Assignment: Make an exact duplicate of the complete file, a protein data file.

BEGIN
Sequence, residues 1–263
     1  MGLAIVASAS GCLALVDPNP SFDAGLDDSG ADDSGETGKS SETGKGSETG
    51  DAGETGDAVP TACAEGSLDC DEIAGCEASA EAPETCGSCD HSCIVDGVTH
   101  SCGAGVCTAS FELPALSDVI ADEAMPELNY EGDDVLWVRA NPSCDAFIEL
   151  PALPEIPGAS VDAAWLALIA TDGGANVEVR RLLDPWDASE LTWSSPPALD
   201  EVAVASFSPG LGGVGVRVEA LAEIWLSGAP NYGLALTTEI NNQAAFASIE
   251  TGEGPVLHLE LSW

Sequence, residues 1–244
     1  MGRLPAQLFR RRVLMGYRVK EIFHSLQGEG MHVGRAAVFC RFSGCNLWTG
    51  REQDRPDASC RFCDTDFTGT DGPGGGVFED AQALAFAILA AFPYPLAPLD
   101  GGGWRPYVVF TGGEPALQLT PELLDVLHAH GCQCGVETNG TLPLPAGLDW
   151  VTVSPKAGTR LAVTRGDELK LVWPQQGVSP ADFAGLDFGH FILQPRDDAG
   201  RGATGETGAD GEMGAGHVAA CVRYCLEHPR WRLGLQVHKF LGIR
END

Sequence, residues 1–263
     1  MGLAIVASAS GCLALVDPNP SFDAGLDDSG ADDSGETGKS SETGKGSETG
    51  DAGETGDAVP TACAEGSLDC DEIAGCEASA EAPETCGSCD HSCIVDGVTH
   101  SCGAGVCTAS FELPALSDVI ADEAMPELNY EGDDVLWVRA NPSCDAFIEL
   151  PALPEIPGAS VDAAWLALIA TDGGANVEVR RLLDPWDASE LTWSSPPALD
   201  EVAVASFSPG LGGVGVRVEA LAEIWLSGAP NYGLALTTEI NNQAAFASIE
   251  TGEGPVLHLE LSW

Sequence, residues 1–244
     1  MGRLPAQLFR RRVLMGYRVK EIFHSLQGEG MHVGRAAVFC RFSGCNLWTG
    51  REQDRPDASC RFCDTDFTGT DGPGGGVFED AQALAFAILA AFPYPLAPLD
   101  GGGWRPYVVF TGGEPALQLT PELLDVLHAH GCQCGVETNG TLPLPAGLDW
   151  VTVSPKAGTR LAVTRGDELK LVWPQQGVSP ADFAGLDFGH FILQPRDDAG
   201  RGATGETGAD GEMGAGHVAA CVRYCLEHPR WRLGLQVHKF LGIR